The U.S. Department of State has expressed condolences over the death of Yelena Bonner, a human rights activist and the widow of the late Soviet dissident and Nobel Peace Prize laureate Andrei Sakharov.
Bonner died on June 18 in the United States at the age of 88 after a grave illness.
"We note with profound sadness the death of Yelena Bonner, an extraordinary voice among human rights defenders in the former Soviet Union and the Russian Federation," U.S. State Department's spokesperson Victoria Nuland said in a statement on Sunday.
"Bonner's own history, from the political arrests of her parents in the 1930s to the years of exile with her husband Andrey Sakharov, is an important part of the human rights community in Russia and around the world today," the statement said.
Bonner, whose parents were persecuted during the Stalin era, became actively involved in the Soviet dissident movement in the late 1960s and later co-founded the Moscow Helsinki Group, a human rights organization.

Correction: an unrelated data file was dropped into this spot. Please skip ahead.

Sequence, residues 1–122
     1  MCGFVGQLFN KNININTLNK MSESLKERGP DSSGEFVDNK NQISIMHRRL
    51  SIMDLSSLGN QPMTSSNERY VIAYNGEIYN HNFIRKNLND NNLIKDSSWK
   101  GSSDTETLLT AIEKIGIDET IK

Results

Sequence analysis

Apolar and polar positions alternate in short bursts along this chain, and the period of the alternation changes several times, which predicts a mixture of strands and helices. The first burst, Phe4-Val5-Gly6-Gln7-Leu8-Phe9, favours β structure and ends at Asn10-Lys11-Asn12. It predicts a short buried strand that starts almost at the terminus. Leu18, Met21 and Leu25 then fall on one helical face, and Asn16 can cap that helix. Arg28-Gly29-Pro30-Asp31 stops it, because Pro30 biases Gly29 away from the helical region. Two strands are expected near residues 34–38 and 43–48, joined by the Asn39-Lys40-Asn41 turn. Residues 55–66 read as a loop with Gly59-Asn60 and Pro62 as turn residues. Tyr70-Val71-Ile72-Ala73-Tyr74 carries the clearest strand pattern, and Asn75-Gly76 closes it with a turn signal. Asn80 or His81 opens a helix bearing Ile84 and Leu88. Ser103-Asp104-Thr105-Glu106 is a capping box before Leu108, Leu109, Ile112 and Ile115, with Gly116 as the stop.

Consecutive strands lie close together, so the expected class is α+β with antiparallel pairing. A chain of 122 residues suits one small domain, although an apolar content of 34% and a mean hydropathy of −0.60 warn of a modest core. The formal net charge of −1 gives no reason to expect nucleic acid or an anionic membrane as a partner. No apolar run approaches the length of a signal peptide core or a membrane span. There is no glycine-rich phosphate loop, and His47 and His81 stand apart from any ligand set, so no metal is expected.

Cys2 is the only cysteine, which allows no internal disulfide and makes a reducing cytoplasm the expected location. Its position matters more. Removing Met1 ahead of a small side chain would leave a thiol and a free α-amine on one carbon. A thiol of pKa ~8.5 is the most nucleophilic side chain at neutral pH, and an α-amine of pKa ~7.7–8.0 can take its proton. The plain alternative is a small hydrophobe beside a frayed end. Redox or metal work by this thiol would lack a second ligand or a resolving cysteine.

She married prominent Soviet nuclear physicist Andrei Sakharov in 1972 and stayed at his side, voicing sharp criticism of the Soviet authorities, until Sakharov's death in 1989.
Bonner served as a member of a state human rights commission under Boris Yeltsin in the early 1990s, but quit her job in protest over Russia's military campaign against Chechen separatists in 1994-1996.
She lived with her family in the Boston area in the recent years, and continued to challenge the Russian authorities over the country's poor human rights record.
Bonner's daughter Tatiana Yankelevich said on Sunday that according to her mother's will, she would be cremated and her ashes interred at the Vostryakovo cemetery in Moscow beside her husband, mother and brother.
WASHINGTON, June 20 (RIA Novosti)